You people make me laugh. Do you think that offline reading was something that didn\'t exist before Marco came out with instapaper? I love instapaper and I use it all the time, but I am not sure Apple is somehow banned from adding obvious features to their platform just because someone has come out with a paid version.
I bet the same people who are posting here about how evil Apple is for implementing this obvious feature would be up in arms if Apple sued someone else for implementing some other obvious feature that Apple had a patent on.
The funny thing is that Netscape won the lawsuit against Microsoft. iOS shouldn\'t be allowed to bundle any apps with the OS ;>)
Actually, Windows was a special case because they abused their monopoly. Hopefully the justice department will continue looking into Apple and break up their monopoly.
Its only a matter of time before the monopolistic closed ecosystem will destroy all fragmented opposition.
All fragmented innovation will simply be absorbed and improved upon by the unifying integration of the closed ecosystem itself.
As long as there is new innovation in the fragmented realm there will always be more for the integrated system to feed upon.
The only way to avoid absorption is to create a new ecosystem and integrate into it.
If a new ecosystem is not created with sufficient force to counterbalance the existing ecosystem, then it to will be absorbed.
Not to worry. The Apple fanbois will line up to tell Jobs how great he is, stuff billions into his G string, and decry the \"corporate greed\" of Bill Gates.
Wouldn\'t you think that somebody who is obviously not long for the planet would try to depart with as many friends as possible?
I\'m happy my work life is coming to an end. I have never been without a mac since they were introduced in 1984, but i have to say i am disappointed at how apple has degenerated into just another greedy corporation. For decades i have scoffed at microsoft\'s corporate mentality and how slimy it was compared to apple, but no more. apple is just as slimy now.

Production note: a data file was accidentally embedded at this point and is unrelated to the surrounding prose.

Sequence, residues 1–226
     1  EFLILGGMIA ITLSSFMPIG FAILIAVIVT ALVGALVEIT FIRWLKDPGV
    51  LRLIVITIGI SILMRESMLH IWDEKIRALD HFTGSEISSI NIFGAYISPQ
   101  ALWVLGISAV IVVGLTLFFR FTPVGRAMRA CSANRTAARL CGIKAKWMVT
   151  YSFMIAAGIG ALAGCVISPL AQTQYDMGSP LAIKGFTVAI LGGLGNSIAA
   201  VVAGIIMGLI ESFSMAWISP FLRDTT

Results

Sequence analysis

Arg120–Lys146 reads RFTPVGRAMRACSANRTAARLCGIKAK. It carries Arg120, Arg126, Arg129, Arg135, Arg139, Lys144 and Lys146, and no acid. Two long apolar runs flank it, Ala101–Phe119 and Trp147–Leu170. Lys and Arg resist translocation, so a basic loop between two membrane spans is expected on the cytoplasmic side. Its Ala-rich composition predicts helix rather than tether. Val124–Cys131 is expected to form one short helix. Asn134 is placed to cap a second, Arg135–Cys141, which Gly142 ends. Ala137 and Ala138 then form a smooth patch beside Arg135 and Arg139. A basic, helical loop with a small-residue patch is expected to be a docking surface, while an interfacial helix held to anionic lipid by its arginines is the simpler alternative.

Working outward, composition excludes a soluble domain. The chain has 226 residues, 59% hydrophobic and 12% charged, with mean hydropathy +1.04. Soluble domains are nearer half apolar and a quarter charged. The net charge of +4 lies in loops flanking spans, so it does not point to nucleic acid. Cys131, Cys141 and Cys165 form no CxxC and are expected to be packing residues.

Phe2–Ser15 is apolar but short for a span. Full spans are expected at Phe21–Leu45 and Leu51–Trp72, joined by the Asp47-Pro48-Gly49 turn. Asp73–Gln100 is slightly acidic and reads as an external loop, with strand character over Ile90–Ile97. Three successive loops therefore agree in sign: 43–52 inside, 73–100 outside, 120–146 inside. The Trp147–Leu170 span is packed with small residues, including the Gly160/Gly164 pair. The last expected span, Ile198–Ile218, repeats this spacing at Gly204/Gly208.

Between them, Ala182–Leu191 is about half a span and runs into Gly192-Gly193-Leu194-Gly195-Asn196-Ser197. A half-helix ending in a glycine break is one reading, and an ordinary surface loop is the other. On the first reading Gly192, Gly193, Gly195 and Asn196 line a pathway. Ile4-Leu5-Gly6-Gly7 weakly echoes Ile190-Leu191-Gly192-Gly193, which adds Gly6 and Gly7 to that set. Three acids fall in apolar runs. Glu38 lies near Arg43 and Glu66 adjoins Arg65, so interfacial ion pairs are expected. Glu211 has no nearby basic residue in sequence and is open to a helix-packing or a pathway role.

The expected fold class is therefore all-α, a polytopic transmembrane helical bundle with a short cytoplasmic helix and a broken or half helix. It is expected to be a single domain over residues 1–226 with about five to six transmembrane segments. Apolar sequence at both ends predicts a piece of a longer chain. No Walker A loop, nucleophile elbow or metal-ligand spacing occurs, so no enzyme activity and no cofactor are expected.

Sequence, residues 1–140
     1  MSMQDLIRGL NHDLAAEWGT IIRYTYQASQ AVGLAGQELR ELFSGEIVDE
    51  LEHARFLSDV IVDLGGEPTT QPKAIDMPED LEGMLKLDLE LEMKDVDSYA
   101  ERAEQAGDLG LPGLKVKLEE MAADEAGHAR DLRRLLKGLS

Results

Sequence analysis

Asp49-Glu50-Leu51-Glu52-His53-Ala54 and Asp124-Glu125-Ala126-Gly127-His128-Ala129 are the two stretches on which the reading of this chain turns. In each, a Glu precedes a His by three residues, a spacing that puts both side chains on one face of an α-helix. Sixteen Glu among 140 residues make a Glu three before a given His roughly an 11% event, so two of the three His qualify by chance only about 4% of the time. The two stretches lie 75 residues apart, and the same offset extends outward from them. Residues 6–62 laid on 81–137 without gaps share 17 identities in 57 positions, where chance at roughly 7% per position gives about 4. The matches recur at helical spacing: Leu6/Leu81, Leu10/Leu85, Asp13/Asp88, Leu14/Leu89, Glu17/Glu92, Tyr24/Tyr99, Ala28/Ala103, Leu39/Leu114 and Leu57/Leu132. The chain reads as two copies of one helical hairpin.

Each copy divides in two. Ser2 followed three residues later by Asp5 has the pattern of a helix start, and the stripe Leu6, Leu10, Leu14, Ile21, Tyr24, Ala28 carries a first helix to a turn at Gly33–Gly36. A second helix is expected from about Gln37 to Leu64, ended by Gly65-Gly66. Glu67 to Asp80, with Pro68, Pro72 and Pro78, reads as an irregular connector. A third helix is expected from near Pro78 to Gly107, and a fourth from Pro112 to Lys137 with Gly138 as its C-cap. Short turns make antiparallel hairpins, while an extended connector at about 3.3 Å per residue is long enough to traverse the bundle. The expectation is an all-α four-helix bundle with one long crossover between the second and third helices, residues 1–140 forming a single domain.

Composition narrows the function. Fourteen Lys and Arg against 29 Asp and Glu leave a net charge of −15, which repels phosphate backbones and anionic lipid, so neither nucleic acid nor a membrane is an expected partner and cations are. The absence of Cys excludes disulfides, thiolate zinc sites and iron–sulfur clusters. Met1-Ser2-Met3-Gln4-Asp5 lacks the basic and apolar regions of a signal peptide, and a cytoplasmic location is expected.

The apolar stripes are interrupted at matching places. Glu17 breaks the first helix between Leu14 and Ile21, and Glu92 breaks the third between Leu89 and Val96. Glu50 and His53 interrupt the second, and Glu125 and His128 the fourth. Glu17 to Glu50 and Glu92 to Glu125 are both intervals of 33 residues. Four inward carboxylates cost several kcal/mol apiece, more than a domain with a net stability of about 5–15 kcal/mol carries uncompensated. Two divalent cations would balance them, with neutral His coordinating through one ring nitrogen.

Let\'s remember that the Mac grew out of a visit to Xerox PARC in the 1970\'s where Jobs saw what we were doing with our Alto computer and graphical user interfaces. Their record of appropriating ideas from others is old news. My concern is the hubris expressed by some Apple employees who believe that Apple invented everything they make.
Thats why I also like Android which is based on LINUX just like the Ubuntu LINUX operating system on my current home-based PC. I switched from Windoz some years ago and have never looked back. I like the open architecture method best of all. It\'s not perfect but is a lot better than the much higher priced Windoz and Apple operating systems!
Will, the tink
What's new about Apple hijacking a smaller companies app? Microsoft has been doing that for 25 years.
Over 160,000 people receive our email newsletter
See the stories that matter in your inbox every morning